a particular subject matter, whether that contract is written, oral, or implied-infact.” Beth Israel Med. Ctr. v. Horizon Blue Cross & Blue Shield, Inc., 448 F.3d
573, 587 (2d Cir. 2006) (citing Clark-Fitzpatrick, Inc. v. Long Island R.R. Co., 516
N.E.2d 190 (N.Y. 1987)). In New York, “[t]he theory of unjust enrichment lies as a
quasi-contract claim. It is an obligation the law creates in the absence of any
agreement.” Beth Israel, 448 F.3d at 586 (quoting Goldman v. Metropolitan Life
Ins. Co., 841 N.E.2d 742, 746 (N.Y. 2005)).
E. Conspiracy Claims
In New York, “a mere conspiracy to commit a [tort] is never of itself a cause of
action.” Alexander & Alexander, Inc. v. Fritzen, 503 N.E.2d 102, 102 (N.Y. 1986)
(alteration in original); see also Kirch v. Liberty Media Corp., 449 F.3d 388, 401 (2d
Cir. 2006) (“New York does not recognize an independent tort of conspiracy.”). If
another tort is demonstrated, plaintiffs may make “allegations of conspiracy . . .
only to connect the actions of separate defendants with an otherwise actionable
tort.” Alexander & Alexander, 503 N.E.2d at 103.
A. RICO Claims
Counts III, IV, V, and VI in the SAC allege RICO violations under 18 U.S.C. §
1962(a)-(d). Plaintiff fails to state a plausible claim under any section of RICO, as
numerous of the required elements—including a predicate crime, the existence of an
enterprise, and a pattern of activity—lack factual assertions in support.
The SAC does not plead factual content that defendants were involved in an
“enterprise” as RICO defines that term. Plaintiff makes only a conclusory
allegation that “each of the Defendants was aware of the identities of the other
Defendants or was aware that there were multiple other similarly-situated
participants in the above-described fraudulent enterprise.” (SAC ¶ 118; see also id.
¶ 97.) And to support Counts III, IV, V, and VI, plaintiff simply asserts that
defendants are “enterprises” as defined by 18 U.S.C. § 1961(4). (Id. ¶¶ 141, 146,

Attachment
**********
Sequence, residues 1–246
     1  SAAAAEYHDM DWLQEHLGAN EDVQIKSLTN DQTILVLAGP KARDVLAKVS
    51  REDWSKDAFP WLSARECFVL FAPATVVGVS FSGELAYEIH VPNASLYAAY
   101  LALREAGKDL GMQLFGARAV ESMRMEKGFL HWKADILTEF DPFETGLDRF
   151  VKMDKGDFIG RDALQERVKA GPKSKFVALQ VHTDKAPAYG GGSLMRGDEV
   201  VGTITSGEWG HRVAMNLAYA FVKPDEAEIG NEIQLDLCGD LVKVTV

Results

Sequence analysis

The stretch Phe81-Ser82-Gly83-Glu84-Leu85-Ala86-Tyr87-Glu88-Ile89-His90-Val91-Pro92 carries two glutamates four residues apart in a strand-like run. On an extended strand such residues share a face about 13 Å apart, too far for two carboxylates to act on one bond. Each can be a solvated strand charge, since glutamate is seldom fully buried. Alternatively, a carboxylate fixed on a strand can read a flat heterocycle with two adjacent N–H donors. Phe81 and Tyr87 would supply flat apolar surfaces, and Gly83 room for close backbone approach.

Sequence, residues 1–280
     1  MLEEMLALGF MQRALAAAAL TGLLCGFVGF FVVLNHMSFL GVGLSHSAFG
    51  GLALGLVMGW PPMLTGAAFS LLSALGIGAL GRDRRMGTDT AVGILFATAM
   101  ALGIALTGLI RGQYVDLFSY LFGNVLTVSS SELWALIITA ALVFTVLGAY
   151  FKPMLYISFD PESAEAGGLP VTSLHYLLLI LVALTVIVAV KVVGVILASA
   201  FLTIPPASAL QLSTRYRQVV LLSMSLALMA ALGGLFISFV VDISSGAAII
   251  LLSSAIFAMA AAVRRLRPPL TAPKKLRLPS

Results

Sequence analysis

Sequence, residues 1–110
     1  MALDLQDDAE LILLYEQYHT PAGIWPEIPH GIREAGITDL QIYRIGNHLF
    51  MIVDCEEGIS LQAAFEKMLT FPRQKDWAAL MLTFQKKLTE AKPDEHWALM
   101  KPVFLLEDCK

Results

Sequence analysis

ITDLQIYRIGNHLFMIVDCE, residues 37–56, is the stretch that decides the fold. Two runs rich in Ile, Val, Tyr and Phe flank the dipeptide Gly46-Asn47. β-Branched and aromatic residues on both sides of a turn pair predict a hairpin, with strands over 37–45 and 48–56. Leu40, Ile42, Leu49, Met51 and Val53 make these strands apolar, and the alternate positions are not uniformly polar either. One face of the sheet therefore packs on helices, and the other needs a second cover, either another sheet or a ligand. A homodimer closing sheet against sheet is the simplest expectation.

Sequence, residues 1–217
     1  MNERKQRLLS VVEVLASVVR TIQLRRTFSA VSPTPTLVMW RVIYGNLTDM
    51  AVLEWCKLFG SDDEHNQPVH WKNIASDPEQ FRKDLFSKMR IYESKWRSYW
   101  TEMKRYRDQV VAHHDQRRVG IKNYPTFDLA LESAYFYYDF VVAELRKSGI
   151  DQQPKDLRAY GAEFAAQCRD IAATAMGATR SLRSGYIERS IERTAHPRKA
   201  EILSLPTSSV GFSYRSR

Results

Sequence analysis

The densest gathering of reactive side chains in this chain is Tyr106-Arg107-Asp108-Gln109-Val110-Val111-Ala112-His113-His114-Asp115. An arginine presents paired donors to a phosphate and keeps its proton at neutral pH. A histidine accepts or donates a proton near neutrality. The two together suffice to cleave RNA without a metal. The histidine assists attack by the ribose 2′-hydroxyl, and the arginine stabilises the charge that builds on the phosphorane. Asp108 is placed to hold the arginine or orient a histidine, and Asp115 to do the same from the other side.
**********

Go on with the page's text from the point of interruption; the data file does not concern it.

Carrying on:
154, 164.) But plaintiff provides no factual statements to support this contention.
In fact, there is nothing to suggest that many of the defendants have ever met or
communicated with each other in any way. Plaintiff alleges only that a series of
transactions took place between Northeast and most of the Cardholder defendants,
and then that once chargebacks were initiated for some—but not all—of the
defendants, two of them sent letters to their issuing banks requesting a refund.
These allegations do not make plausible a “group of persons associated together for
a common purpose,” nor do they suggest the existence of “evidence of an ongoing
organization . . . [or] a continuing unit.” First Capital Asset Mgmt., 385 F.3d at 173
(quoting Turkette, 452 U.S. at 583).
Certainly, the enterprise need not be a formal or legally-recognized entity;
but more must be alleged than a “laundry list” of participants. Cedar Swamp
Holdings, 487 F. Supp. 2d at 452. Much like in Cedar Swamp, the SAC here does
not tell the Court how the various defendants are connected to each other. The
exhibits show only two defendants—both Friedmans—even completed the chain of
actions required by the alleged chargeback scheme. (See Table 2.) There are no
specific allegations as to the defendants’ roles in the alleged scheme.9
At best, the SAC alleges a rimless “hub-and-spokes” structure in which each
cardholder defendant committed a separate act of fraud with only Northeast—but
And in fact, defendants Lowy and Kaplan are not even listed on the Transaction List.
this is not enough for a RICO enterprise. Without allegations that any alleged
conspirator acted for the benefit of another conspirator, that any had relationships
with one another, or that their actions were anything except “isolated and
independent,” an “enterprise” is not sufficiently plead. Cedar Swamp, 487 F. Supp.
2d at 451.
2. Pattern of Activity
Even if an enterprise had been sufficiently alleged, the SAC does not contain
sufficient plausible allegations that there was the “pattern” of activity required for a
RICO claim. A “pattern” requires continuity and a relationship. Plaintiffs plausibly
Because plaintiffs fail to sufficiently allege predicate crimes (see below),
plaintiffs also fail to allege that those alleged crimes continued for the requisite
amount of time. But even assuming that the crimes did occur, plaintiffs fail to
provide factual statements suggesting that they occurred over a “substantial period
of time.” Cofacredit, 187 F.3d at 242. The alleged chargebacks took place between